Summary: Let’s provoke one another to do good works and not to bring a division.


Due to the large amount of sermons and topics that appear on this site I feel it is necessary to post this disclaimer on all sermons posted. These sermons are original to the author and the leading of the Holy Spirit. While ideas and illustrations are often gleaned from many sources including those at, any similarities and wording, including sermon titles, that may appear to be the same as any other sermon are purely coincidental. In instances where other minister’s wording is used, due recognition will be given. These sermons are not copyrighted and may be used or preached freely. May God richly bless you as you read these sermons. It is my sincere desire that all who read them may be enriched. All scriptures quoted in these sermons are copied and/or quoted from the Authorized King James Version of the Holy Bible.

Pastor James May


Hebrews 10:22-25, "Let us draw near with a true heart in full assurance of faith, having our hearts sprinkled from an evil conscience, and our bodies washed with pure water. Let us hold fast the profession of our faith without wavering; (for he is faithful that promised) And let us consider one another to provoke unto love and to good works: Not forsaking the assembling of ourselves together, as the manner of some is; but exhorting one another: and so much the more, as ye see the day approaching."

Why do we come to church? For most people, their first answers are that we come together to worship Jesus and to hear his word ministered to us. These are two very good reasons but there is a third reason that I want to bring to you in this message.

We come together to provoke one another to continue in serving the Lord. At least that’s what we are supposed to do.

All too often I see Christians come together for another kind of provoking. We seem to love to take a free shot at our brother or sister in Christ because if we put down on them or make them lose face, then it somehow makes us look bigger and better, at least in our own eyes.

Now there is nothing wrong with having fun or enjoying one another’s company but no one likes criticism, even constructive criticism. If someone asks you how to you like the way they are dressed, or the way they have combed their hair, or the class they have taught, they really don’t want to know the truth, especially if the truth will hurt. They just want to hear the praise and agreement and to be accepted as they are.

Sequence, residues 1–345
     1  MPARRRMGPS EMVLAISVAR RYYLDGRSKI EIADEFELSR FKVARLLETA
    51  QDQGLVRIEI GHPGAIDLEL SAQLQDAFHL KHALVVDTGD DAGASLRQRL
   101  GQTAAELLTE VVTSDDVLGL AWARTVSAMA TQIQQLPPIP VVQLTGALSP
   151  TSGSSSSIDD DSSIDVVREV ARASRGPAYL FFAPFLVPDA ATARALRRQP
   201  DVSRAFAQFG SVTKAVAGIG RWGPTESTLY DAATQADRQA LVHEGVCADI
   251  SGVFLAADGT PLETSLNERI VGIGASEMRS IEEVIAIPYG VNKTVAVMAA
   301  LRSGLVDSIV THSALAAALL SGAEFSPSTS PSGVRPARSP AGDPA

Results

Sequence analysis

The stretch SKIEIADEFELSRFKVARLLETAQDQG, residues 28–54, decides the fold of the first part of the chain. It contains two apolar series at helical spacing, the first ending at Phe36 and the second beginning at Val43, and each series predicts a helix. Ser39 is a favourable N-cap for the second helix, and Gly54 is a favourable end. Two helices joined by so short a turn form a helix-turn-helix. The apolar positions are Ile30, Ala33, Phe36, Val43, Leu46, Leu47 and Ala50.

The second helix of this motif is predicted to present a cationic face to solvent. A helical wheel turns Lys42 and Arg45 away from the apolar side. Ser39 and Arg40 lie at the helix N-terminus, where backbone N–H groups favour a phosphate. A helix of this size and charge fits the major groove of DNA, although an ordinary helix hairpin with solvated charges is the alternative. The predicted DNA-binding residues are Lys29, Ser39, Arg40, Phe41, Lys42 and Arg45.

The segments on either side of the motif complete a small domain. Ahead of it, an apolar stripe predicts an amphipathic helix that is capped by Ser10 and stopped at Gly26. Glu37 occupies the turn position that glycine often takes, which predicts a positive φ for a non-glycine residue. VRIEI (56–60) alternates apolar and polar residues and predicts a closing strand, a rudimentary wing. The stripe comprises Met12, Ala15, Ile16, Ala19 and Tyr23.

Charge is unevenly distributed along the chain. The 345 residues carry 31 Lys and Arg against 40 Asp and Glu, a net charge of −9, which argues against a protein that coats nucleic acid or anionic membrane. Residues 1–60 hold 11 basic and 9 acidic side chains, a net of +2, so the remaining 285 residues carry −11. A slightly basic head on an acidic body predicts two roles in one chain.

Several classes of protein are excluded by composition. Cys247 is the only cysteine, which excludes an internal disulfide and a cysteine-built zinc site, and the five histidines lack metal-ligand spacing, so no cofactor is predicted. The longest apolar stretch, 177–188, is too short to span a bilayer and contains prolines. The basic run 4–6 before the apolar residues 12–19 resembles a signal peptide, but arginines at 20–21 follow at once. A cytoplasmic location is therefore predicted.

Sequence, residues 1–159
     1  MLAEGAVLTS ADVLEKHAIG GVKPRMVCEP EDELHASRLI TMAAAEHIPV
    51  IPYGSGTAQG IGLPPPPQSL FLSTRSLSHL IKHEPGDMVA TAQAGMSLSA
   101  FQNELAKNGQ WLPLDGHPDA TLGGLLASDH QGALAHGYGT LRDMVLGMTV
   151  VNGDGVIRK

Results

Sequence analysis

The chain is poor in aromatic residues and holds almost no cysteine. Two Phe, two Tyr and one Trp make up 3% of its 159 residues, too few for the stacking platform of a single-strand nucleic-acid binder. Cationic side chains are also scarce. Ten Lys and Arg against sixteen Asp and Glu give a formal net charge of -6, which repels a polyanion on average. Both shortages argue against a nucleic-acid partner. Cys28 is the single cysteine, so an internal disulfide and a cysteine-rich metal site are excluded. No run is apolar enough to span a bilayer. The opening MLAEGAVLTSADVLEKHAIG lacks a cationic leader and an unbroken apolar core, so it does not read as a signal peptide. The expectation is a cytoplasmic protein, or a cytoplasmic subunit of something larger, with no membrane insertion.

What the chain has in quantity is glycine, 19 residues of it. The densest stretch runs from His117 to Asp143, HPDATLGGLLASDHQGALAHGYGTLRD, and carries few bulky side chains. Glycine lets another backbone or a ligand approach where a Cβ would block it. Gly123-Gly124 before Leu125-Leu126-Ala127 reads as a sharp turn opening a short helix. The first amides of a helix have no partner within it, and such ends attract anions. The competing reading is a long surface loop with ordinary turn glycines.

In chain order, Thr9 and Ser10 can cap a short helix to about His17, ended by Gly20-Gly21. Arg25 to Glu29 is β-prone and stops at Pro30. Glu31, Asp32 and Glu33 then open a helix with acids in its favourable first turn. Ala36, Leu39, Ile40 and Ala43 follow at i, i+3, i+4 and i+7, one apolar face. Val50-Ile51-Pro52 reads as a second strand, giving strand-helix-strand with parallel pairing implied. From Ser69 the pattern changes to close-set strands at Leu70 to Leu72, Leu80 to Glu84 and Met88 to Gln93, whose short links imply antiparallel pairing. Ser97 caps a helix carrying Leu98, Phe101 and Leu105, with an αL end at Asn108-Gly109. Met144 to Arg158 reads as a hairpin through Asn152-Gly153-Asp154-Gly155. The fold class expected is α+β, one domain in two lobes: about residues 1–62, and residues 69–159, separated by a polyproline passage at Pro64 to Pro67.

If you don’t like the way I dress, who asked you? If you don’t like the way I preach, take it up with the Lord. If you don’t like the way our special singers or musicians sound, then pray for them and praise them, don’t criticize them.

Now I haven’t noticed much in the way of criticism in the past month or so, but for a while, criticism was the order of the day. There wasn’t a service that passed without a critical spirit raising its ugly head to bring a division. The criticism was meant to bring about an improvement but, instead, it nearly always drives a wedge of hurt feelings and will hinder the growth of the church.

The problem is that we don’t come together in the right spirit and with our hearts prepared to edify one another.

It’s not enough just to come together. Hebrews 10:25 says this, “we should not forsake the assembling of ourselves together in the name of Jesus”. But we are not to just come together for sake of assembling at the church. There has to be some other criteria that are met before our “assembling” can have its proper effect.

…Let us draw near with a true heart in full assurance of faith, having our hearts sprinkled from an evil conscience, and our bodies washed with pure water…

I am convinced that if we would only draw near to God before we draw near to one another that there would be far less of the wrong type of provocation in the church.

A heart that is fully assured of its relationship with the Lord Jesus Christ is at peace within and thus will be of a more amiable nature toward those who are without.

I wonder just how much of our complaining, griping, provoking, joking and putting down of one another is the outward sign of an inward heart that isn’t quite where it needs to be in the Lord.

It seems that too many people don’t feel good about themselves and they focus that feeling of inadequacy into their treatment of others.

The heart needs to be “sprinkled from an evil conscience”. This doesn’t mean that we need to take a shower. (I hope we do this anyway!) Natural water cannot cleanse the heart or clear the conscience of its condemnation. The sprinkling spoken of here is the sprinkling of the Blood of Jesus upon the doorposts of our hearts so that the sin can be cleansed. Once the sin is forgiven and washed away, then the conscience can be clear and we can come together with our motives right.

Copy Sermon to Clipboard with PRO Download Sermon with PRO
Browse All Media

Related Media

Cleanse Me 2
PowerPoint Template
Grace Never Ends
PowerPoint Template
Talk about it...

Nobody has commented yet. Be the first!

Join the discussion